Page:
Kresge Arts in Detroit announces 18 award winners
It’s one of the year’s most-anticipated events for Detroit’s creative community.
The Kresge Foundation announced the 2017 class of Kresge Artist Fellows Thursday, with 18 lucky writers and artists winning $25,000 apiece, no strings attached.
Also announced were the two emerging artists to win this year’s Gilda Awards, named for the late, much-beloved artist and College for Creative Studies professor.
This year’s Artist Fellows were drawn from both the literary and visual arts.
Among the former are Taylor Renee Aldridge, Benjamin Alfaro, Tommye Blount, Mike Burdick, Jean Alicia Elster, Allie Gross, Andrew Mehall, Drew Philp and Satori Shakoor.
Visual artists include Jeanne Bieri, Jennifer Harge, Matthew Angelo Harrison, Sydney G. James, Nicole Macdonald, Juan Martinez, Catie Newell, David Philpot and Robert Sestok.
Gilda Award winners were Leah V. for literary arts, and visual artist Austen Brantley.
Artist Macdonald, whose large-scale portraits of notable Detroiters fill up windows of three empty buildings, including one at Gratiot and Mack, said she’s looking forward to being able to fund projects that otherwise might have been out of reach.
“Funding is always an issue,” Macdonald said, “especially with large-scale work with site-specific installations.”
As for her reaction on getting the good news, she laughed and said, “I was totally happy. Who wouldn’t be, right?”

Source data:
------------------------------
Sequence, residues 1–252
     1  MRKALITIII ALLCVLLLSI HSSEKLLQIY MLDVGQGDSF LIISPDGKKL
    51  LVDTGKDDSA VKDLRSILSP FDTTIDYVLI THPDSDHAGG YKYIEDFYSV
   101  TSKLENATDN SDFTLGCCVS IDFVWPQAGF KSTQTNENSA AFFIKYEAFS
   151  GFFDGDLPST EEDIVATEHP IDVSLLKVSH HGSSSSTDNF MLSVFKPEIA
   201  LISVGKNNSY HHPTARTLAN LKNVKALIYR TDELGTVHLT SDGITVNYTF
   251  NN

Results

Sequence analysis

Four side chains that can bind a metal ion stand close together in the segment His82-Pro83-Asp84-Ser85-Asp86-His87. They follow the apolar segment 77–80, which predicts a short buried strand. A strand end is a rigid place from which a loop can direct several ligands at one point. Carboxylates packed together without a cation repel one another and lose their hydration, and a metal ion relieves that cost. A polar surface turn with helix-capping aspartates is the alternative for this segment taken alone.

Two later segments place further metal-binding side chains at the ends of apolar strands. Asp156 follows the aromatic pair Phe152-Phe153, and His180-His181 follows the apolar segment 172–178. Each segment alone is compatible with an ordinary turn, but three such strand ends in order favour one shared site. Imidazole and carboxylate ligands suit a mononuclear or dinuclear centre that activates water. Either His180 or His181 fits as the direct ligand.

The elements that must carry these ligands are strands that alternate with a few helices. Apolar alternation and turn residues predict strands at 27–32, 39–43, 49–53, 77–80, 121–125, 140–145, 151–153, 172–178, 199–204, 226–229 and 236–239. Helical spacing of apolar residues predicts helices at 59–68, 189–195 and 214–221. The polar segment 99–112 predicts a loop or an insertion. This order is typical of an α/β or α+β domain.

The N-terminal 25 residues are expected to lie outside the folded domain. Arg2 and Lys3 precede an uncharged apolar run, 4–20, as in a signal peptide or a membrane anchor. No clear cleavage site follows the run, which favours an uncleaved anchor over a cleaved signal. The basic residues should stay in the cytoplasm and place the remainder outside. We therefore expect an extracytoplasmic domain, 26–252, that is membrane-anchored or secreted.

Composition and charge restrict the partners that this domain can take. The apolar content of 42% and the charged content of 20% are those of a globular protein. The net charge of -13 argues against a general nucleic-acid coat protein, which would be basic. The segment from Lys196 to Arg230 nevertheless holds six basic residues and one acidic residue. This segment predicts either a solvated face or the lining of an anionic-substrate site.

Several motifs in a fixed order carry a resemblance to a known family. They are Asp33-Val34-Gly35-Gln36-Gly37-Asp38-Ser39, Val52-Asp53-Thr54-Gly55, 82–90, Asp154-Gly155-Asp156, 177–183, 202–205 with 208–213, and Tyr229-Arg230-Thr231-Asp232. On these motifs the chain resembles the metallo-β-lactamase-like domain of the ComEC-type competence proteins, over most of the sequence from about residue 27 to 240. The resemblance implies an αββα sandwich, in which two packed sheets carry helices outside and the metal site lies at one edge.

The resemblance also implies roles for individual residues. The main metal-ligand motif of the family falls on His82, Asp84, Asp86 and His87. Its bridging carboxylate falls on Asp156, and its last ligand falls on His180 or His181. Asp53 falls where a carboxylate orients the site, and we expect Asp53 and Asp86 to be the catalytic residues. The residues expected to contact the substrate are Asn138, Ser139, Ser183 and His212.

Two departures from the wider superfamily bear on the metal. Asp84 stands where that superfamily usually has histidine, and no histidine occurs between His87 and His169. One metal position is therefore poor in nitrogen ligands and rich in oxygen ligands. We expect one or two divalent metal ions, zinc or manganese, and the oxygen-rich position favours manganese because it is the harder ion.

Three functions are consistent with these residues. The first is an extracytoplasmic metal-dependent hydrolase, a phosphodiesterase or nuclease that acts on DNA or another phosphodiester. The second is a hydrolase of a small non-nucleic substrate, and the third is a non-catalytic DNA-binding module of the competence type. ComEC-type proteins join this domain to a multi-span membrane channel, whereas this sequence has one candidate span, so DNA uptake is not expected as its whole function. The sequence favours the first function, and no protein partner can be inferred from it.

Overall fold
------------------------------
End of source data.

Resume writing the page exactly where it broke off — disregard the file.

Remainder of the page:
Elster, who writes young-adult fiction with stories drawn from her own family, said she’d about given up after applying unsuccessfully three times for the Kresge grants.
“This year I thought, ‘I can do this with my eyes closed,” she said. “And number four turned out to be the charm.”
Elster is currently working on “Blood Journey,” the third volume in a trilogy that started with “Who’s Jim Hines?” and was followed by “The Colored Car,” both published by Wayne State University Press.
What will she do with the money? “I tell you,” Elster said, “a big chunk of it will go to taxes.”
But she wants to research the life of her paternal grandfather, a jazz musician who originally hailed from Kentucky before moving to Detroit, as well as her grandmother from Alabama.
“This will let me do some travel, and meet with archivists and librarians,” Elster said. “So the money will be a big, big help in that respect.”